While physicists have managed to wrap their minds around chaos theory in the macroscopic world, chaos also has its way at the quantum scale. And in many ways quantum chaos is even more perplexing than its large-scale counterpart.
Which is why it's such a big deal that researchers have now presented a single equation that can predict how quantum chaos behaves.
This equation effectively explains the patterns within quantum chaos at the atomic level, and it could contribute to our understanding of everything from brain surgery to string theory.
Even the researchers who came up with it were surprised they could predict the behaviour of quantum chaos so neatly.
"Yes, we now have an exact equation," says one of the researchers, Vladimir Osipov, from Lund University in Sweden.
"Personally, I am actually surprised that it was possible at all."
To develop the equation, the researchers analysed statistical properties of different energy levels in a quantum chaos state. What does that mean?
To understand that you need to take a step back and look at regular chaos theory, which is probably best known from the example of the butterfly effect - very small changes of input to a system can have a very big impact, and the world and nature can be incredibly unpredictable as a result.
Quantum chaos follows the same principle, but it aims to explain the strangeness that occurs within an atom, where protons and neutrons behave like waves rather than particles.
This can also apply to the behaviour of waves on a larger scale, such as irregular movements of both electrons and nuclei, as well as things like sound waves in a furnished room, or rays of light in optical instruments. And it introduces another level of complexity on top of regular chaos theory.
"In chaotic quantum systems, the energy levels repel each other, and they affect each other even if they are far apart," says Osipov.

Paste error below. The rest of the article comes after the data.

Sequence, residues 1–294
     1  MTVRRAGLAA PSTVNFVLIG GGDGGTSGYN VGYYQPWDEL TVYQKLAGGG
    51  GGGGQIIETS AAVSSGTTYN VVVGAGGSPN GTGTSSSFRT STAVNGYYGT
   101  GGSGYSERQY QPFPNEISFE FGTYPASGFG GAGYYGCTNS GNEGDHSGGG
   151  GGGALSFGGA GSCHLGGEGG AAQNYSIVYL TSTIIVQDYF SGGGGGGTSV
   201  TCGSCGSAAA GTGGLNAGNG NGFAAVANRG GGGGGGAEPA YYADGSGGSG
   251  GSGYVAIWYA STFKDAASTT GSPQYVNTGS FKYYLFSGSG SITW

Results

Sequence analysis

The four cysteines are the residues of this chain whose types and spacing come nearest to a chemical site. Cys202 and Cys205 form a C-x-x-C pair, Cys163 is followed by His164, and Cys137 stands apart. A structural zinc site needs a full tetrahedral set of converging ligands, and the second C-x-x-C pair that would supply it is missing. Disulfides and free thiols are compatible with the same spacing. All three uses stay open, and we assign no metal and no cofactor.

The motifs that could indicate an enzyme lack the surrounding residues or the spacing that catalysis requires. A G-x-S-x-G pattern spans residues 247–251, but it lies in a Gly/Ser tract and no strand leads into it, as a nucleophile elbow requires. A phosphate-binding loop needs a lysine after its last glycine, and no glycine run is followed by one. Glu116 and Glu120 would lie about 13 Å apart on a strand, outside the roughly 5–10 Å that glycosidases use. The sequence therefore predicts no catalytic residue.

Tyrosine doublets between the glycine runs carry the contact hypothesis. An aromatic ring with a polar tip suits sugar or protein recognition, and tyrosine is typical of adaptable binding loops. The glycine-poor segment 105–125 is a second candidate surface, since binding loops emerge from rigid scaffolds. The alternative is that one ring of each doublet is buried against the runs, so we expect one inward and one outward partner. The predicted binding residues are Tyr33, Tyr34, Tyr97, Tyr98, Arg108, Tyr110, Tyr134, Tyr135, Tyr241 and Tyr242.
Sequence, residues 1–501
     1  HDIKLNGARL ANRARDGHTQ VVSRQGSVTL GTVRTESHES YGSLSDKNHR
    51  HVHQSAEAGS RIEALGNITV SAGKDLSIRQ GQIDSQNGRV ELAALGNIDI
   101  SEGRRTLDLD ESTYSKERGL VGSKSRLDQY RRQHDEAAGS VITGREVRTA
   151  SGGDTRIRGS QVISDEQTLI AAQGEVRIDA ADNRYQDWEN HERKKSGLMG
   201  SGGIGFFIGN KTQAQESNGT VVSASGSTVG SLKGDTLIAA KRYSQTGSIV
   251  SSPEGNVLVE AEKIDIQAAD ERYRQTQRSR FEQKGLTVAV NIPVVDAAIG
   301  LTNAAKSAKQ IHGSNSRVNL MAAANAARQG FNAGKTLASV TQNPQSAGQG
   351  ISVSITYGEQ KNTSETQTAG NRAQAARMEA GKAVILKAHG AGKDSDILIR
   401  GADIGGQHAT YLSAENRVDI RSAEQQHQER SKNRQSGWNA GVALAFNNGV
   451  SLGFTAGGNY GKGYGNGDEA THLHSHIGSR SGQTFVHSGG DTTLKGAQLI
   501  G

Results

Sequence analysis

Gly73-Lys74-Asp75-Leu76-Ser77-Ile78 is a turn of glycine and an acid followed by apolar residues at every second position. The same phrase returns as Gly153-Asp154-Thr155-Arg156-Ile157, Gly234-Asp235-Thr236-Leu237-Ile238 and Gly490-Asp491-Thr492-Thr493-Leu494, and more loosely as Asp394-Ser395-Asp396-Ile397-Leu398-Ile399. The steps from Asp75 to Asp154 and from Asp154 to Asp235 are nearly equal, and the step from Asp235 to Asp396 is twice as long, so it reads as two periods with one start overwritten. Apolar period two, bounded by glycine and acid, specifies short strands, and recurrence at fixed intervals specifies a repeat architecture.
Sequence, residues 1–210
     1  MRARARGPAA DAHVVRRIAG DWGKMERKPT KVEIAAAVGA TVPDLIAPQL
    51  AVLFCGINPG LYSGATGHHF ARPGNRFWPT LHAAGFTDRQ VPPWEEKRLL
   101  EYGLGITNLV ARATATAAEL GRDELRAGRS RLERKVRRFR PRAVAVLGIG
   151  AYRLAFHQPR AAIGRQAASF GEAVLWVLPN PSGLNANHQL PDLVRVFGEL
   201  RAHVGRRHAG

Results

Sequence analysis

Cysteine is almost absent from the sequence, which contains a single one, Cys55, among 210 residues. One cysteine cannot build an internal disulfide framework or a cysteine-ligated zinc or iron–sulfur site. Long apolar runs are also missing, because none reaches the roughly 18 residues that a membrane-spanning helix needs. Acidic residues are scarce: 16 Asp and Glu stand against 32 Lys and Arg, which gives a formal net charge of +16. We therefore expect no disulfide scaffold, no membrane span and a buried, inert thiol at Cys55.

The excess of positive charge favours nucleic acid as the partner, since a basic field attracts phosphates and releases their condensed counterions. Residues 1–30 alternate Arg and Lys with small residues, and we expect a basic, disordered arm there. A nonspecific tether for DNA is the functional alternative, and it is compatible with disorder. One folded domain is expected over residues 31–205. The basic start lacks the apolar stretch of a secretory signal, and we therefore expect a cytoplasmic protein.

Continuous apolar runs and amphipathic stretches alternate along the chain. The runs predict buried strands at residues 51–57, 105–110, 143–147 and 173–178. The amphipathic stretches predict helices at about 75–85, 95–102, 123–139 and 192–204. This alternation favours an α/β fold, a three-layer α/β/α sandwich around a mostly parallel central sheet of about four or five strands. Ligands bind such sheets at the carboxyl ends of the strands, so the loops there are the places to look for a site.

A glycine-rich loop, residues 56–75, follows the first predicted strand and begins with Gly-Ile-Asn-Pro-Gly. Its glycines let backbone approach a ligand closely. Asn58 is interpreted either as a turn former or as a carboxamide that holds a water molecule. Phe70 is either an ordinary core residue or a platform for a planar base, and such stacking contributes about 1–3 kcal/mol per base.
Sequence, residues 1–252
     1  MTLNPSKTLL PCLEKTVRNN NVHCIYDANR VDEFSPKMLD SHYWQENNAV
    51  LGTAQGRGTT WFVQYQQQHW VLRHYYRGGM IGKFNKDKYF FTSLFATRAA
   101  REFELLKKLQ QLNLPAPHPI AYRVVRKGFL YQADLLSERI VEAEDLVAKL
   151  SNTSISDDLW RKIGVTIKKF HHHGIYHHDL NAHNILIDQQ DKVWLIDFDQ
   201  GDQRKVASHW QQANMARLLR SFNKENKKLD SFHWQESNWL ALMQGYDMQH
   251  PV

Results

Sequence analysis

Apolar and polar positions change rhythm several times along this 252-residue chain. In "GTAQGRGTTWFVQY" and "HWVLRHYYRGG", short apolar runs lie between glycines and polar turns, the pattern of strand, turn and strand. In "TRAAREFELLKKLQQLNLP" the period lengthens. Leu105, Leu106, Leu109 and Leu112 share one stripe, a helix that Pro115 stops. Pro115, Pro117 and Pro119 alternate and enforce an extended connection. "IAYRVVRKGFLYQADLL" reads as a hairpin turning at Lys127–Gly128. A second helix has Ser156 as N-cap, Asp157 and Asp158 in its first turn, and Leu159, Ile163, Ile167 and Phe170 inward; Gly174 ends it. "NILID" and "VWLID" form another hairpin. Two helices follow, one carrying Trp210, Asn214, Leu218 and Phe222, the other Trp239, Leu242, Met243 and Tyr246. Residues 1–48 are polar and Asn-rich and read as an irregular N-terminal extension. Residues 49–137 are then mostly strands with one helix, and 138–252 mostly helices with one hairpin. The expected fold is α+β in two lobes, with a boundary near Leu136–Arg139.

Researchers have long tried to make predictions about how quantum chaos would behave, but it's challenging as chaotic systems are so sensitive to the initial numbers entered in calculations. Even computers struggle to find reliable patterns.
But the researchers used the fact that atoms in excited states give off energy levels that can be measured, to come up with a unifying rule that could predict behaviour at the atomic level.
They say that the new equation - which is a little too mind-bending to go into in too much detail, but you can read in full in Physical Review Letters - offers a universal, parameter-free way to predict how a chaotic system will behave on the quantum level.
Right now the work is purely theoretical, but the equation will have practical applications. It can be applied wherever chaotic states need to be measured and understood, such as in financial markets, the human brain, and even the concept of string theory.
We may not have cracked the quantum chaos code fully yet, but the equation should help inform future research into some highly complex questions: the researchers say their equation will now help calculate specific quantum chaos states more easily.
"Just the atom by itself is never chaotic, but if you put a field on it, for instance a magnetic field or an electric field, then the classic motion becomes chaotic," Daniel Kleppner from MIT, who wasn't involved in the new research, explained back in 2014.
"The question is what is the quantum behaviour of this system? It's a provocative question."
Now we finally have an equation to help us answer that question.
The research has been published in Physical Review Letters.